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View Full Version : Learning on my own and Utterly Lost


Romanthony
08-14-2009, 11:10 PM
I'm 19 and I'm not planning to go to college, because I don't need it to get into this industry. I've animated in all different mediums since I was 10 years old, but here and there and nothing really great looking (lacking the basic principles of animation).

Where am I supposed to start?

I have Richard William's book, 'The Animator's Survival Kit', and of course the internet, and that's basically it. Do I have to do hundreds of trite bouncing balls to start off with? Standard walk cycles? Should I use traditional pencil and paper or computer to begin with?

99% of the time lately I don't animate at all, and always want to do something else but feel guilty because I have no method to all the madness and no self confidence. It's very hard to be motivated when I'm at home all day and haven't the faintest clue about how to practically become a good animator.

I'm in need of help.

KrzysztofFus
08-14-2009, 11:38 PM
Although you do not need to go to school to get into this industry. You seem like the person who does.

If you want to be just an animator. Put down the computer and pick up a pencil. Draw walk cycles and character animation by hand.

If you have no clue on how to become an animator seriously consider going to an art school and joining an animation or computer animation department. Do Animation Mentor online.

If your lacking the basic principals then go to school. The people who do not need to go to school to get into this industry already know the steps they need to take to get there.

The only advice I can personally give is to enroll into a animation program or to read every book on animation. Study short clips of animation. And animate your heart out for the next 4 years.

stewartjones
08-15-2009, 12:21 AM
Although you think you might not need formal education in this stuff, you might, don't dismiss it by any means.

Oh, and my only advice for starting out in this stuff... Read the book you have. It covers a lot, if you can't pick up an idea of what you need to be doing then schooling might be the way to go.

danshewan
08-15-2009, 12:32 AM
I'm 19 and I'm not planning to go to college, because I don't need it to get into this industry. I've animated in all different mediums since I was 10 years old, but here and there and nothing really great looking (lacking the basic principles of animation).

Well, if your efforts aren't up to scratch by your own admission, what makes you think that a formal education wouldn't be productive? Humility can go a long way in this business.

Where am I supposed to start? I have Richard William's book, 'The Animator's Survival Kit', and of course the internet, and that's basically it. Do I have to do hundreds of trite bouncing balls to start off with? Standard walk cycles?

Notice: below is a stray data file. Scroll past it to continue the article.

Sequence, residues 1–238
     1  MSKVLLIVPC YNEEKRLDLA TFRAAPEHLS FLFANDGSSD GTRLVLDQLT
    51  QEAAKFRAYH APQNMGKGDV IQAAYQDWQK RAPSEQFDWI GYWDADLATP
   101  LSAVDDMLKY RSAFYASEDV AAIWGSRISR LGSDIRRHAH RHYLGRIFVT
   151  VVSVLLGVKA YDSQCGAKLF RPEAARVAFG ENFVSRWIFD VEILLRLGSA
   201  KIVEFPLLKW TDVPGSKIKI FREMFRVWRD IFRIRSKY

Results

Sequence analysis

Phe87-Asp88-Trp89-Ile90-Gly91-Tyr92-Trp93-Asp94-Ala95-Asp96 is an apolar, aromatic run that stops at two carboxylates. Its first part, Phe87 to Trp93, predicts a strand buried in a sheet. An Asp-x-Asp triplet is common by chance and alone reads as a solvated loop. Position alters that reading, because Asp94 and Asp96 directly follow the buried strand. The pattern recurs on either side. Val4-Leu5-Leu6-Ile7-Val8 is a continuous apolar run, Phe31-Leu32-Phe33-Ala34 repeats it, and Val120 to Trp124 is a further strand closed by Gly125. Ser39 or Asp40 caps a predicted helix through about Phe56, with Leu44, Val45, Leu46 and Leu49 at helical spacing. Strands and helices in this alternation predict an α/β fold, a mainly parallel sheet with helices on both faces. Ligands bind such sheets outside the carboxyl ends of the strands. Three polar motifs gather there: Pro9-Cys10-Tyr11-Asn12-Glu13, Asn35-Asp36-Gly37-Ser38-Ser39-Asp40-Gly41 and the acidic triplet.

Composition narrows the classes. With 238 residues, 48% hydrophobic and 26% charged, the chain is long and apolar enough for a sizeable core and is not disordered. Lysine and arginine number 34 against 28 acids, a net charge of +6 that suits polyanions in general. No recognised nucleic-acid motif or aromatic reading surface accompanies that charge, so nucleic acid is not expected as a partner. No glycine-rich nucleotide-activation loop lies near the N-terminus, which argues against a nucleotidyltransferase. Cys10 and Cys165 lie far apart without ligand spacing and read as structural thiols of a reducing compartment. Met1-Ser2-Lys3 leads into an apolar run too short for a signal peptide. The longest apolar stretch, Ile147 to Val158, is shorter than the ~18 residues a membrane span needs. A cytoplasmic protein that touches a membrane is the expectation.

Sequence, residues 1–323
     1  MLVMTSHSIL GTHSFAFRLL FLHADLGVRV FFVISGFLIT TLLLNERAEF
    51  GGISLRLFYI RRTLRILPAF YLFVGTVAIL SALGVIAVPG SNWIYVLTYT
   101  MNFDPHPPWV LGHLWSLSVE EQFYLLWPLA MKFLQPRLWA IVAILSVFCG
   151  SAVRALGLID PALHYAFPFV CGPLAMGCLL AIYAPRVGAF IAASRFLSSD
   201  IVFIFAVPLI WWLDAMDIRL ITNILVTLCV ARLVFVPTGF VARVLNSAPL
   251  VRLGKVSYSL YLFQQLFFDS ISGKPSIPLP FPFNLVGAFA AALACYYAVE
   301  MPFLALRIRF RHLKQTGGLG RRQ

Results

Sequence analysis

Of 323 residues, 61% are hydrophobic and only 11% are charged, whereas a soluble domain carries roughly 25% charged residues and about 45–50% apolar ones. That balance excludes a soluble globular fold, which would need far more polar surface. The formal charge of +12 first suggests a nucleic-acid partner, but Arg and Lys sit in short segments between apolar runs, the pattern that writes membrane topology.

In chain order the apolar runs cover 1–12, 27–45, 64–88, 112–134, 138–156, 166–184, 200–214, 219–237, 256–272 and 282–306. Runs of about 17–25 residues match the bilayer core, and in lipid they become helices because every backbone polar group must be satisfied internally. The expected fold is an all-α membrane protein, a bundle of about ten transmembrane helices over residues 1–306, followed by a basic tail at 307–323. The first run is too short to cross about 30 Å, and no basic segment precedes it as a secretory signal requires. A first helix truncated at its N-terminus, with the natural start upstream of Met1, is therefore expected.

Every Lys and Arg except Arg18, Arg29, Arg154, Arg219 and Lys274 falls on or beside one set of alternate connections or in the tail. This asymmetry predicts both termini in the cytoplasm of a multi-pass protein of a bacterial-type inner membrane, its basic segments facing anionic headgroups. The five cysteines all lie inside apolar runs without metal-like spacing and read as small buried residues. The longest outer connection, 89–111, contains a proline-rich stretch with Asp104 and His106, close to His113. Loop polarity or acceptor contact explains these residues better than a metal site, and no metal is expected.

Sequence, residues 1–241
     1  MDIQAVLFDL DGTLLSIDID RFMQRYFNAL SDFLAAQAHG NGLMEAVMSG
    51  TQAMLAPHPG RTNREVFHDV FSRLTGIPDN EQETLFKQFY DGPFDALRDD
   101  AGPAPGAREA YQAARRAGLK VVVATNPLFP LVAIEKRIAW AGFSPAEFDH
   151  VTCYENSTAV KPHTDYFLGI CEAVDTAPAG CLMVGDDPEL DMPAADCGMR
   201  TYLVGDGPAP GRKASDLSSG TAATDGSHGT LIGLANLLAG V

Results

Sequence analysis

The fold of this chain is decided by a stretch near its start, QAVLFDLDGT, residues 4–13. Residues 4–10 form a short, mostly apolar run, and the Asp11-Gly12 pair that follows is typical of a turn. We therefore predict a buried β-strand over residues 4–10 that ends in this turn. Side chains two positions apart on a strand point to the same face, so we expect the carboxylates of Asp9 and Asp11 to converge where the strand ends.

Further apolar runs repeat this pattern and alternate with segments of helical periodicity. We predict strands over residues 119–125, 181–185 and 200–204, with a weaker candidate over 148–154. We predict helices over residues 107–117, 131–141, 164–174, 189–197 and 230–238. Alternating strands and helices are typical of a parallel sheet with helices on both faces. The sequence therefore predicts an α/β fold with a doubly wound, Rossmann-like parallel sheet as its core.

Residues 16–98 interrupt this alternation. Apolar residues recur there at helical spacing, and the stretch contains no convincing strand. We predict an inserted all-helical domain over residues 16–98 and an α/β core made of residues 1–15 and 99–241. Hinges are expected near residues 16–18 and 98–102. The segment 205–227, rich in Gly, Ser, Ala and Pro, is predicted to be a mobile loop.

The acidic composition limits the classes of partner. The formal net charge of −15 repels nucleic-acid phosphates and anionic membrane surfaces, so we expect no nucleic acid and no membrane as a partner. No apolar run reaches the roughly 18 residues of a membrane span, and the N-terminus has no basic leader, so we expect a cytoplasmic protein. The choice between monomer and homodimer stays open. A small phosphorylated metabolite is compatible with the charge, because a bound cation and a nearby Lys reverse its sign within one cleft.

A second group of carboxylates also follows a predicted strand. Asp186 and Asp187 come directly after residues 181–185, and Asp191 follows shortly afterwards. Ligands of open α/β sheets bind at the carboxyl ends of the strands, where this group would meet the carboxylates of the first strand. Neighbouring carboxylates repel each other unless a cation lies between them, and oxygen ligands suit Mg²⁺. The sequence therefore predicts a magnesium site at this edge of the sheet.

Bouncing balls might seem trite, but it's staggering how many people think they can do them, but really can't. Once you can accurately depict the 'feel' of a tennis, golf and medicine ball without relying so much on the size of the sphere, it won't seem so trite - it'll feel great, and rightfully so. Check out some of the Animation Mentor student blogs, and you'll see that even something as 'trite' as bouncing balls can be exciting.

99% of the time lately I don't animate at all, and always want to do something else but feel guilty because I have no method to all the madness and no self confidence. It's very hard to be motivated when I'm at home all day and haven't the faintest clue about how to practically become a good animator.

I'm in need of help.

Sounds to me like you own the Animator's Survival Kit, but you haven't really read it. If you always want to do other things than animate, are your goals realistic, or even true? If you can't enjoy the craft, then something as meticulous as animation may not be for you.

Rather than focus entirely on the chapters in the Kit, why not instead try and master the various aspects of animation simply, while you learn? Weight is probably one of the most difficult but vital aspects of successful animations. As with the varying types of ball animations, once you feel you've got a handle on weight, move on to another aspect, like anticipation...

Above all else, be realistic in your expectations and be patient with yourself. All the best.

forsakendreams
08-15-2009, 02:48 AM
Just because people say you don't need a degree to get into an industry does not mean you shouldn't go to college.

Ideally, college will open your mind and force you to grow in many aspects that are not directly related to the field you are studying. Your communication skills, reading/writing/math skills.. research skills, time management skills, even your skill at nagivating red tape will improve dramatically.

And those are all skills you are going to need in any industry, in particular negotiation/communication and time management.

The Richard Williams book is a very technical book that tackles a lot of the technical aspects of hand drawn animation. There is also story and emotion, gesture and many other aspects you need to explore.

If you want to learn hand drawn animation, you're most likely going to have to buff up your drawing skills. Life drawing, anatomy, gesture drawing, cloth drawing, drafting, perspective - in those areas you will have to be very strong.